But given that it is seven months since the imposition of lockdowns around the world, this week will be a good opportunity for both Bretton Woods twins to find out from members how successful their interventions have been and what steps they should take next.

Cadario, who joined the World Bank in 1975 and played a number of roles — including nearly two decades with the World Bank’s frontline development programmes in Western Africa and China — sees the meetings as an opportunity.

“One of the things that I will be looking at Mr Malpass and Axel van Trotsenburg, the managing director for operations, [to do] is a stocktaking — however preliminary — on the extraordinary effort the Bank and the IFC went to, in the spring, to put all this money at the disposal of countries to fight the pandemic,” he says.

“What we should all be looking for, when they get together virtually for the annual meetings, is ‘let’s have stocktaking about the resources that were deployed and what happened’.”

In the case of the Bank, a lot of the money went towards public sector procurement for crucial equipment — personal protective and other medical equipment such as masks, gowns, respirators, hospital beds, ventilators, oxygen cylinders, and ambulances.

For Cadario, given that some governments struggled to get hold of equipment while major economies such as the US were able to source vast quantities, the question is whether the Bank should have ensured more equitable distribution. “Is there a good story to tell there?” he asks.

While for some countries it may be clear that the Bank and national governments stepped up to the challenge, as they have done in the past when dealing with the aftermath of a tsunami or other natural disaster, others have been hit hard.

Alternatively, there may be certain places where they fell short in this area and where lessons can be learned, both for a future crisis and for any second wave of Covid-19.

“Some of it is going to be very anecdotal and very preliminary,” Cadario says. “But nonetheless, there are probably areas that got money from the Bank and the Fund where there will be stories to be told, and they will be successful. And we need to hear those stories because they reinforce the need for multilateral action and the importance of the knowledge, experience and agility of the IFIs in these situations.”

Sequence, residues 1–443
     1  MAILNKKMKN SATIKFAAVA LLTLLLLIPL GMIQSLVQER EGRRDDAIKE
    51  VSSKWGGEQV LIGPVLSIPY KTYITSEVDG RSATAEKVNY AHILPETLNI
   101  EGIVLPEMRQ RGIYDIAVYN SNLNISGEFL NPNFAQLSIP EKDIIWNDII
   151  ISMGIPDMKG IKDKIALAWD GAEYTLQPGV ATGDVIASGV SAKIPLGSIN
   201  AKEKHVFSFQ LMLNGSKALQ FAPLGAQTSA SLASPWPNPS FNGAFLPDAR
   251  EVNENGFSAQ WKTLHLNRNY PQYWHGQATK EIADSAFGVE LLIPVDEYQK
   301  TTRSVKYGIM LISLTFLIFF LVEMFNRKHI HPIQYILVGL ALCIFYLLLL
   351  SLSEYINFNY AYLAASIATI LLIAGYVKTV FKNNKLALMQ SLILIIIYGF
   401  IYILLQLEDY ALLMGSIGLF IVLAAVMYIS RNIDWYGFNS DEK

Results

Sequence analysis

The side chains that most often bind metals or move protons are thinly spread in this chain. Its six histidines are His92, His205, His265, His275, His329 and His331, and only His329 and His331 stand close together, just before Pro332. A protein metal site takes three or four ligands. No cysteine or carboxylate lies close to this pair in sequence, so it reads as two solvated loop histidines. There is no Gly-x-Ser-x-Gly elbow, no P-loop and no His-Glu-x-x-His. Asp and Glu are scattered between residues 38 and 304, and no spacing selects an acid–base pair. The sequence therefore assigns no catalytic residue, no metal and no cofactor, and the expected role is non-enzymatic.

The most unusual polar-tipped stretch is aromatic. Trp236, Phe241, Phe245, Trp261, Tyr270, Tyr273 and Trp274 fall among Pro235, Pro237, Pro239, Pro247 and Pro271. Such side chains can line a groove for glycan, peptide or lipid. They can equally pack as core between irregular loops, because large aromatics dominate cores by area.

Josh Lipsky, director of and policy and programmes at the Atlantic Council’s GeoEconomics Center, which advocates a multilateral approach, says that a strong personal relationship between Georgieva and Malpass has helped the two organisations work together.

Georgieva was recruited from the Bank, where she was its first chief executive, to head up the fund. “There’s a personal connection here that works in favour of her knowing the bank well, and knowing David Malpass, and them understanding each other, and that does make it easier,” Lipsky says.

He adds that the fact that Malpass was a member of the Trump administration, which in effect appointed him and backed Georgieva’s nomination, means that the White House has not criticised his actions (or Georgieva’s). “There is not a natural distrust of these international institutions, as there is with some of the others.”

Since the election of Donald Trump almost exactly four years ago, the White House has acted to undermine many of the other institutions that are seen as part of the post-World War II compact.

The World Trade Organization lacks enough judges to hold hearings on trade because the US refuses to approve nominees to fill vacancies on a crucial appeals panel. Its director general, Roberto Azevedo, has quit a year early.

The other Geneva-based multilateral, the World Health Organization, has also been caught in the crosshairs of Trump’s Twitter account, with the president branding it a “puppet of China”.

The one time the White House locked horns with the IMF was over a proposal for the fund to issue $1tr of its own currency, the Special Drawing Rights, to boost its ability to inject money where it was needed at short notice. The Group of 20 nations, including the US under former president Barack Obama, approved a similar liquidity injection in the middle of the 2009-2010 global financial crisis.

The US objected because some new money would have been allocated to IMF members in accordance with their quota share, meaning more resources going to strategic rivals such as China, Iran and Venezuela.

Debt and taxes

Despite the multi-billion handouts by the two IFIs, the huge accumulation of debt by governments in the fight against the virus could create problems that the IMF and the World Bank have become familiar with over the past decades.

The Covid-19 pandemic has greatly extended the list of emerging economies and developing countries in debt distress. “Not only are numerous especially low income countries already having debt distress, but many more will fall into debt distress as this crisis continues,” World Bank Group chief economist Carmen Reinhart told a podcast on the eve of the meetings.